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Weaving the Windows Live Services into Your Web Site

Ready to build a web experience your users will love? Consider Windows Live Services as the building blocks of your new site.


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t takes an engaged audience and compelling experiences to reach success on the web. Using Windows Live Services, your site can provide engaging experiences that connect directly with hundreds of millions of Windows Live users. But how do you start? Windows Live Quick Applications gives you an easy way to get started by showing you how to build new experiences for your customers with Windows Live Services. You can quickly and easily use Windows Live Services to give your users new ways to share information, communicate and stay connected. Each Quick Application uses several Windows Live Services to store and share data in a fully functional web application. You can download the source code to learn about Windows Live development and modify the code to create your own site.

Everything you need to get started is at http://dev.live.com/QuickApps/. On this site you can download the source code, learn how to customize the Quick Applications, and deploy them on your own site. This article gives you a tour of the available Quick Applications, and provides step-by-step instructions that let you use the Quick Applications as starting points for building your next-generation web experience.

Windows Live Services Work Together
You can use the Windows Live Services individually—they're not dependent on other Windows Live Services. In other words, you can build a web site that uses Windows Live ID to manage its user base, or add Live Search to an existing site. However, you can realize the services' full potential by combining several services into one web application. For example, to develop a rich media experience, just glue together Silverlight Streaming and the Windows Live Spaces Photo API. Just adding those two services gives you full-motion video, user-generated content, and photo album capabilities—all hosted by Windows Live and presented by your site.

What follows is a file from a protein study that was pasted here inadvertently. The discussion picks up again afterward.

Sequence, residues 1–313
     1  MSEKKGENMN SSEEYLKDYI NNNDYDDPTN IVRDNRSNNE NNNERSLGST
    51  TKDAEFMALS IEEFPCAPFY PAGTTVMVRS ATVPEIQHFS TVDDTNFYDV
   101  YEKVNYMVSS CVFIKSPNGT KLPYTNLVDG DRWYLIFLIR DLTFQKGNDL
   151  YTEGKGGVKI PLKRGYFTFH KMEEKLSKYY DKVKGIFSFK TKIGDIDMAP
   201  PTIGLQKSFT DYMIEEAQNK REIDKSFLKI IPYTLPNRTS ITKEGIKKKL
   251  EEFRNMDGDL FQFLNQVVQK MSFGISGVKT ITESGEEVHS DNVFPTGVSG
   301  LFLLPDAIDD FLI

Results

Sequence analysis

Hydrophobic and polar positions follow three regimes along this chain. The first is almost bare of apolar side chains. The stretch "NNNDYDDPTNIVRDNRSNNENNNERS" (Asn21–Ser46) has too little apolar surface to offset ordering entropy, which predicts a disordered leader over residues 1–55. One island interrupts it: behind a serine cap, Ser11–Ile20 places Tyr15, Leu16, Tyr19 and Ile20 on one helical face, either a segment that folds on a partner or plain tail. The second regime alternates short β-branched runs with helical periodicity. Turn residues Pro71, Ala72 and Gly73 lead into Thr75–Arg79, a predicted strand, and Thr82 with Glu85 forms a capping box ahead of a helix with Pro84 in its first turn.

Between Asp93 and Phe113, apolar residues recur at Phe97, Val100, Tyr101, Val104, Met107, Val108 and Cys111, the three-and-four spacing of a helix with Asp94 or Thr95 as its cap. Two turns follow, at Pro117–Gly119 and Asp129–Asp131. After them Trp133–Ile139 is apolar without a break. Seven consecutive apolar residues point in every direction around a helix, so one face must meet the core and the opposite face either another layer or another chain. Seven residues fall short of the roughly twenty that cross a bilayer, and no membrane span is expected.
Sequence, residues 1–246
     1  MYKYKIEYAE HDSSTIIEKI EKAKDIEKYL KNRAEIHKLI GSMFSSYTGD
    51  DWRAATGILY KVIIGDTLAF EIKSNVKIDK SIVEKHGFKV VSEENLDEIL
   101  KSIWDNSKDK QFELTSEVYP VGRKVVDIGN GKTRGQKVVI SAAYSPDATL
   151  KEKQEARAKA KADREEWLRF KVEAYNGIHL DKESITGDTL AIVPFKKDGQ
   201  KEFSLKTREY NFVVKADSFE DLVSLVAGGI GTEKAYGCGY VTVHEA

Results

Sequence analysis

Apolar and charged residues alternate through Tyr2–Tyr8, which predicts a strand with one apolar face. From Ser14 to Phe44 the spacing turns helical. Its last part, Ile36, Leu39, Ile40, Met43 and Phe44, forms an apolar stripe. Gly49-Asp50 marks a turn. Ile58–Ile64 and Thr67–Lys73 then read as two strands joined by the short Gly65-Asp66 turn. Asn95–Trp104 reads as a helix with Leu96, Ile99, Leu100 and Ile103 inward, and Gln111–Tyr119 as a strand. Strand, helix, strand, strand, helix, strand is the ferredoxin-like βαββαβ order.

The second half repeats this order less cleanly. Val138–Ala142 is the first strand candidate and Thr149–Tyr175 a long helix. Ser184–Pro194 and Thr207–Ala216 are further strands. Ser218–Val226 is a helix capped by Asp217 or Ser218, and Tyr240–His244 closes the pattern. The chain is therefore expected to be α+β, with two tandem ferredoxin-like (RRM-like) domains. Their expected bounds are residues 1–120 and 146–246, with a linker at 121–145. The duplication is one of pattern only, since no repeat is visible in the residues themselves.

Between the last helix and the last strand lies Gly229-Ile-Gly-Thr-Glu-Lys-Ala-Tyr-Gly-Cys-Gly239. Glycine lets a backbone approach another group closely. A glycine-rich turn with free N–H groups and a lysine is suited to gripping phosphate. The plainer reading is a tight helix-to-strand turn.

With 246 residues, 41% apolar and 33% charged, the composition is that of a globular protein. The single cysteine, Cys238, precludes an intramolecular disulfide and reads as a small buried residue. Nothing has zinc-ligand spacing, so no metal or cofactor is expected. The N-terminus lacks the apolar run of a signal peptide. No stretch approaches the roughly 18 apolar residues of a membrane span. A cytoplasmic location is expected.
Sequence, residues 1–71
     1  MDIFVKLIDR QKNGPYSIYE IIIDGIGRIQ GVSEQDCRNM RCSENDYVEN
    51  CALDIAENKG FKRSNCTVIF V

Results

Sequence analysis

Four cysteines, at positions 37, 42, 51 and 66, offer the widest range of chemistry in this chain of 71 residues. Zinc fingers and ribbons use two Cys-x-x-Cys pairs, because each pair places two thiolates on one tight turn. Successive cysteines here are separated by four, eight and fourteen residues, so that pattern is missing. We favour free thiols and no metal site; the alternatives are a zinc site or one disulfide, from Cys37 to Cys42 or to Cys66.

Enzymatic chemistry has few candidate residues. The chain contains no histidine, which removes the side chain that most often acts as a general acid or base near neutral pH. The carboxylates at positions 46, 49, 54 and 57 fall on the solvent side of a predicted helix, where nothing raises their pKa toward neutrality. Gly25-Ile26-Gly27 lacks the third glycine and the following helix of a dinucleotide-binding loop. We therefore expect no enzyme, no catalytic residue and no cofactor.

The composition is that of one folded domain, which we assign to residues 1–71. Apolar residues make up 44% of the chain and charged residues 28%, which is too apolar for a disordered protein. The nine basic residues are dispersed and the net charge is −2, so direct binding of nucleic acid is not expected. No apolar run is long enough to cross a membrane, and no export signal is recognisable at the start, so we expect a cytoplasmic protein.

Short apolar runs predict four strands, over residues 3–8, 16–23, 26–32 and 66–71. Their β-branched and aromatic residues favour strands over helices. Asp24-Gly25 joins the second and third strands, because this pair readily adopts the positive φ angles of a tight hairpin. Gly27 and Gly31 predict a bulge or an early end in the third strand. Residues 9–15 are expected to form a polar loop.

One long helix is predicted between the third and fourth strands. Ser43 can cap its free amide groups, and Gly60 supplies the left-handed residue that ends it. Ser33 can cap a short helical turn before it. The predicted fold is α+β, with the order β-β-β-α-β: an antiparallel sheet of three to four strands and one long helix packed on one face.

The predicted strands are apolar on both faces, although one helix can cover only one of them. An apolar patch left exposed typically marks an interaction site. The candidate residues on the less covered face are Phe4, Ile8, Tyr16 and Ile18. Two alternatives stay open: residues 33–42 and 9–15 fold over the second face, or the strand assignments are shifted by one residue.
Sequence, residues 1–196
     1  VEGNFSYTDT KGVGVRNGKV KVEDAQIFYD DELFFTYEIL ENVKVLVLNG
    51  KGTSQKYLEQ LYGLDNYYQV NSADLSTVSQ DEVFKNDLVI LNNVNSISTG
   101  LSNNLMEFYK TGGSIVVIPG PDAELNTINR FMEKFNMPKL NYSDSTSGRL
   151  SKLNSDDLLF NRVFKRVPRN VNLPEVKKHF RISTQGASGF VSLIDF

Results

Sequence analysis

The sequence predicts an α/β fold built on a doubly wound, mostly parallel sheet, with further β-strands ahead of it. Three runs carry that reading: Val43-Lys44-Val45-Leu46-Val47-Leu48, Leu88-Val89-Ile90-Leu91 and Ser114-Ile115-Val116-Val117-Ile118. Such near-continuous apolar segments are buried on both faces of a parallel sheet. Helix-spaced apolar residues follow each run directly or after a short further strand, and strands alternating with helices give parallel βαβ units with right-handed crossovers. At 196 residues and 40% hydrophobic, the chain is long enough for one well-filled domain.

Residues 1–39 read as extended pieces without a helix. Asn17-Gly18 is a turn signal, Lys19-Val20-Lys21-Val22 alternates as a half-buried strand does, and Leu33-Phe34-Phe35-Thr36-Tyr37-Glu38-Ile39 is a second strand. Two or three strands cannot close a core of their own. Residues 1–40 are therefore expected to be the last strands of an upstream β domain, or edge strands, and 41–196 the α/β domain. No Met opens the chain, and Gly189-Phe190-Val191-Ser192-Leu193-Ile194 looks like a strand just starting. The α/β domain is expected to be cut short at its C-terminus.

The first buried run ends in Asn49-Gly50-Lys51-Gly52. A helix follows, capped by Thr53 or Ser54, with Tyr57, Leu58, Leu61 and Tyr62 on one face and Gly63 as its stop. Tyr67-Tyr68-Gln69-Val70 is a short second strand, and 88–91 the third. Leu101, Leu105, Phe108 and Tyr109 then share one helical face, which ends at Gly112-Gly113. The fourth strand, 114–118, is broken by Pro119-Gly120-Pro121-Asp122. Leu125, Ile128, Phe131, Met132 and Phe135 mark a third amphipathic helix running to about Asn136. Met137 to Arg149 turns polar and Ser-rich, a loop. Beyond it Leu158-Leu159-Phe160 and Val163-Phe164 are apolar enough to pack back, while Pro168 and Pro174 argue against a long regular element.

Visitors to your site can also communicate and stay connected with Windows Live Services. Build Windows Live Messenger into your site so your users can communicate with one another, and integrate Windows Live Alerts to keep them connected anywhere on the network, even when offline. You don't have to create an authentication scheme for your users, and your server doesn't need to host streaming media or run a database to keep track of contacts. Just build the glue—the code needed to connect the Windows Live Services together to create your own new user experience.

The Windows Live Quick Applications provide sample code to get started developing with all of the following Windows Live Services:

  • Silverlight Streaming
  • Live ID
  • Live Search
  • Live Messenger
  • Virtual Earth
  • Live Alerts
  • Live Contacts
  • Live Spaces
  • Live Expo
You can find more information on these services and API documentation at http://dev.live.com.

Editor's Note: This article was first published in the "Windows Live" edition of CoDe Focus Magazine (2008, Vol. 5, Issue 2), and is reprinted here by permission.



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